Meet Drita Bajrami
Meet women's rights activist Drita Bajrami, a member of PulseWire, World Pulse’s online newswire. Drita draws strength from her past as a persecuted Kosovo Albanian to empower women around the world.
World Pulse: Why women and why now?
Drita Bajrami: I believe that it is time to make the woman’s voice heard. I have chosen to work for women’s rights because as a woman, I have experienced oppression and many times I have felt that I had so much to tell the world, but nobody was listening. As I ask the question "What is a woman?" I am also aware of the fact that every oppressed woman needs to find the answer to this question within her self in order to become an active member of her society. It is also our duty as women to help each other build self-confidence and that is why I also feel obliged to do as much as I can for women’s rights.
WP: Growing up, did you have a strong female role model in your family or in your community?
Drita: I grew up in a family where human rights were discussed on a daily basis. Not only did my father fight for democracy against the "Milosevic" regime in the former Republic of Yugoslavia, but he also took good care of my mother and always made sure that she participated in all of his political meetings. My mother was often the only woman among hundreds of men, so both of my parents have been good role models for me. I am everything I am because of them.
WP: How has your past motivated you to become a women’s rights activist?
Drita: Under the Milosevic regime, the Serbian government persecuted Kosovo Albanians by shutting down all of their schools and universities, despite the fact that the Albanians were a majority in Kosovo. When Kosovo Albanians made peaceful protests against this act they were killed, arrested, and poisoned. The persecution of my family began when my father went against the dictatorship and fought for democracy. I remember the night when the Serbian military knocked on our door and wanted to take my father. I cannot even explain the fear and the terror that my mother, sister, brother and I felt knowing that if they took him away, he would never come back. So we escaped and were forced to hide for three days – days that felt like years, nights that felt like decades – before we could secretly leave the country, knowing that we would never go back to Kosovo.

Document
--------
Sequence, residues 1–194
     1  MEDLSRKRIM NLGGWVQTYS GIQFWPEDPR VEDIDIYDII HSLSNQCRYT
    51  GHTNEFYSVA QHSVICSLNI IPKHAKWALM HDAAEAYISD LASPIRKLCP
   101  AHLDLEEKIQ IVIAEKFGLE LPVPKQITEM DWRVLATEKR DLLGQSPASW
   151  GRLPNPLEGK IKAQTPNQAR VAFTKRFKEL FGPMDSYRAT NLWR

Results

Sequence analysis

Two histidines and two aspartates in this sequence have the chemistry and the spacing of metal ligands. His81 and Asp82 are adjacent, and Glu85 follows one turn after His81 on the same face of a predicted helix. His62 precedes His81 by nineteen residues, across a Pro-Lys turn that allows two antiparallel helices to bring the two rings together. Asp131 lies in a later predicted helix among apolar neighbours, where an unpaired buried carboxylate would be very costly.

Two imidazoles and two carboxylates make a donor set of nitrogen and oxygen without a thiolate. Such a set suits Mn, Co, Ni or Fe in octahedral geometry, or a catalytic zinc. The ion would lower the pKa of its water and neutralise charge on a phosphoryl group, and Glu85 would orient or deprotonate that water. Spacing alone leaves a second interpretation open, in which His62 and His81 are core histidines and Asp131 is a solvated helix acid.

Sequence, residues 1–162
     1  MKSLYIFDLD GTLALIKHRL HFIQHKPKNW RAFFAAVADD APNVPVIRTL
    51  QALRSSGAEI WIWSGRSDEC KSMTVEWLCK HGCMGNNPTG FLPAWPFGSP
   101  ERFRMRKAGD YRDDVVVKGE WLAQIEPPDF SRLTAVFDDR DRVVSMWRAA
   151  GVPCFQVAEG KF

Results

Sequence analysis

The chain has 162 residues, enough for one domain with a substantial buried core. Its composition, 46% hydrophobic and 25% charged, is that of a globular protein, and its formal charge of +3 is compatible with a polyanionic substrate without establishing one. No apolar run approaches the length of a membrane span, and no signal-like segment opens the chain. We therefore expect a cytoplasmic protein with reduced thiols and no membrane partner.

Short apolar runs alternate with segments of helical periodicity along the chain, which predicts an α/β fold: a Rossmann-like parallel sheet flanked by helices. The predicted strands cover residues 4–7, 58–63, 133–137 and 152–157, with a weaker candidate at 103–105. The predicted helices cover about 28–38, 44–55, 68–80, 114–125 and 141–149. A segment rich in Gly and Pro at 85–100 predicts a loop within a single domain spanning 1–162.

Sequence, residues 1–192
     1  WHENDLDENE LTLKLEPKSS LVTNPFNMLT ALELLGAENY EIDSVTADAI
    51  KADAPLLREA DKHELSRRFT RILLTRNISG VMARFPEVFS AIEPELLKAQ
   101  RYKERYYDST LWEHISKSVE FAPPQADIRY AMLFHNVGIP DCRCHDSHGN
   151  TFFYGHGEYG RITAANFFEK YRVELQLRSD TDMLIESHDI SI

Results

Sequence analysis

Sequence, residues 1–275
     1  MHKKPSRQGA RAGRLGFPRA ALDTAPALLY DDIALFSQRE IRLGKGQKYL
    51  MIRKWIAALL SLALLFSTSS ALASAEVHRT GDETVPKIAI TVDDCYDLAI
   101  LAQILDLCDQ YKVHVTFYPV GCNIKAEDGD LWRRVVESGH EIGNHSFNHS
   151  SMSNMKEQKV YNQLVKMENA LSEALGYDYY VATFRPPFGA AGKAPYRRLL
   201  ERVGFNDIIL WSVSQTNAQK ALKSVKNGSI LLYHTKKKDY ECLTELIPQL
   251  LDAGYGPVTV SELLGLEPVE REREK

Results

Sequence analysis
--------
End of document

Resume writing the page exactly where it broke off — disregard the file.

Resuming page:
There are no words to explain the loss, the desperation, the anger, the sadness or the voices in my head asking, “How could it go this wrong?” How could one leader succeed in turning the Serbian nation into monsters? How could my Serbian neighbors with whom I once used to laugh become my enemies? I was only 12 years old and I might not have known much, but I knew one thing: When evil knocks on our door, we do not open, we do not face it, we run for the moment in order to survive, and afterwards we write and speak about it and explain to the world how to cope with it! As an adult, I now know that people need to be warned, need to know how to deal with the evil, and then become stronger individuals so that they can tell the world. I am a living example.
WP: Tell us about your work with UNIFEM and Women for Women International.
Drita: My career with the United Nations began when I won a national writing contest on the topic of human rights. The award was a trip to the UN Headquarters in New York where I met many UN ambassadors. I now work with UNIFEM in Sweden to improve conditions for women here. The fact is that no matter where we live, even in Western countries, many women feel oppressed.
I am also a teacher and will travel to Rwanda in March, working with Women for Women International to educate women who are victims to become active citizens in their communities. That is where I hope I can make a difference because as my father always says, “Knowledge is Power.”
WP: What has been your experience on PulseWire?
Drita: I love PulseWire, I love reading women’s thoughts and stories. I have no intention of ever abandoning this fantastic network for women. I would like to thank World Pulse for making women’s voices heard all over the world.